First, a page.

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Period: This Generation »


Commentary on: Terrorism »

Prof Andrew Jakubowicz.

Text Commentary

Fear is one of the most powerful and deeply seated human emotions, preparing the body for a survival struggle or energising the body to escape danger – fight or flight. Terror, the use of extreme violence or threats of violence to change the behaviour of the target, focuses on destroying the humanity of its victims through instilling overwhelming fear.

Terrorism can be defined as the use or threat of violence against civilian populations for political ends. The aim is to so frighten a population or group that it will change its behaviour, or pressure its government to change. It is designed to have psychological repercussions beyond the specific target. Terrorism can occur either within or outside a formal declaration of war.

Most totalitarian regimes have used terror against their own populations, controlling them through fear. In the post World War II period terrorism has increasingly come to refer to the practice of “non-state” actors (revolutionary groups, liberation struggles) directing violence against non-combatants. Terrorism is a process for achieving political outcomes – it is not affected by whether the outcomes are those you support or oppose. Many organisations labelled “terrorist” in colonial situations in the past have become part of governments of new nations.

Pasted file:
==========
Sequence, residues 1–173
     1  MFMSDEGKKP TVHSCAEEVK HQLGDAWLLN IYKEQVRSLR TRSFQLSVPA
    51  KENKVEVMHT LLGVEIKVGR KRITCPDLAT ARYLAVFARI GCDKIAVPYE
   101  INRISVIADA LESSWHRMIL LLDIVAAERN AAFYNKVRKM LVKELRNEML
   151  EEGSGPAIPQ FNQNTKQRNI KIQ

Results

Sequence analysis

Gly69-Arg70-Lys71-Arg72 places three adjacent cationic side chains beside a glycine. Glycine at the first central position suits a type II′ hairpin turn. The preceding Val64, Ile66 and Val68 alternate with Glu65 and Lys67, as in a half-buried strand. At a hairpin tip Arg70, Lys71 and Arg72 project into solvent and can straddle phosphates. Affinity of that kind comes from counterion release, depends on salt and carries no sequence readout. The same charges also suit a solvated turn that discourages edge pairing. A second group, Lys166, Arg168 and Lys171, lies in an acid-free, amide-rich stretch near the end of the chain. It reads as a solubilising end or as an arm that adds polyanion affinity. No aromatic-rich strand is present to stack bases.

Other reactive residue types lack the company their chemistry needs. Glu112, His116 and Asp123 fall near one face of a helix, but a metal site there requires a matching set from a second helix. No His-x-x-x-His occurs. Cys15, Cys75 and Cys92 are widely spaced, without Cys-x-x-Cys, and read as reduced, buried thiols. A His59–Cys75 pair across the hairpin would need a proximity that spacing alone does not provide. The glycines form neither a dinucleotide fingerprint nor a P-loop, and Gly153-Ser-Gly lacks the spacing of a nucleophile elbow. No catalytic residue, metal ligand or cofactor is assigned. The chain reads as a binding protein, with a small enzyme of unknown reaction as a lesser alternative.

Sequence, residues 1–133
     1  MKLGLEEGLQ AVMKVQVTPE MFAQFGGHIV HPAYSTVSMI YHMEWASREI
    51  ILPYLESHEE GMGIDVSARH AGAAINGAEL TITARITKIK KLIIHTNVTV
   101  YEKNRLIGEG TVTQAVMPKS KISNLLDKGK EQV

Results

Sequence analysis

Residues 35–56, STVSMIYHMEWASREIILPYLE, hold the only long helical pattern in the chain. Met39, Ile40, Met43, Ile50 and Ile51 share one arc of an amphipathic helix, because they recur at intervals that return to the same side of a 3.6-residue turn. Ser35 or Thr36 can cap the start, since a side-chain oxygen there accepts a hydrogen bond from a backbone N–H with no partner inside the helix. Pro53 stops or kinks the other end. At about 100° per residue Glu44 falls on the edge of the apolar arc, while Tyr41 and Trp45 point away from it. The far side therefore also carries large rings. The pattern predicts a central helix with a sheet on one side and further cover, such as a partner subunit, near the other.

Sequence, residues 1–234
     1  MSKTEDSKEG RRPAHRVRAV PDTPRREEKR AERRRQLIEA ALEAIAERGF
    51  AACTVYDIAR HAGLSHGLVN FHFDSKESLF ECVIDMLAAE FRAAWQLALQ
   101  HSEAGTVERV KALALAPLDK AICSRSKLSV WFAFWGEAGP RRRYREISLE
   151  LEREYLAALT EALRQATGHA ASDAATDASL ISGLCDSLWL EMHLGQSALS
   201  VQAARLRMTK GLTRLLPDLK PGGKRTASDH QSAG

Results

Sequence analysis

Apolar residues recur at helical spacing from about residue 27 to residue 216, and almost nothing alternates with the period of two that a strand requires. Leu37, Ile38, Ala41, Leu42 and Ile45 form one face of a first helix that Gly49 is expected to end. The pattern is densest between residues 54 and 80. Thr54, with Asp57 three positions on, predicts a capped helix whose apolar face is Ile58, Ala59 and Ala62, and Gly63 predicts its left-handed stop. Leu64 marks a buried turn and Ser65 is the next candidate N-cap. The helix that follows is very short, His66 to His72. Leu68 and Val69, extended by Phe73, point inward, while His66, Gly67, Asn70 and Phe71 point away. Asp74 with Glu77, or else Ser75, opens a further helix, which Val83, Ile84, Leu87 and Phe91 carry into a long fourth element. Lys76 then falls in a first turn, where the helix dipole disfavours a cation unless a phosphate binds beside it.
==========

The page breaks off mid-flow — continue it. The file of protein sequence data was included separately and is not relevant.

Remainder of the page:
Images of terrorism are everywhere in the modern world – with examples such as Iraq, Palestine/Israel, New York, Darfur in Africa. Terrorism occurs whenever the violence of the terrorist disrupts normal human activities – between ethnic groups, against a state, and between religious communities.

Australians have experienced terrorism, in New York (Australians died in the Twin Towers attacks of 11 September 2001), in Israel, and in Indonesia (the Bali bombings of October 2002). The Australian government has adopted much tighter security laws in response to these events. Some people believe that such laws seriously undermine human rights and give too much power to the government to intrude into peoples’ privacy. Others believe the laws are necessary to protect the freedoms that come from living in a democratic society.

Whichever view you take, there is little doubt that the fear of terrorism has deeply influenced politics, social life, inter-community relations and confidence in the future in Australia.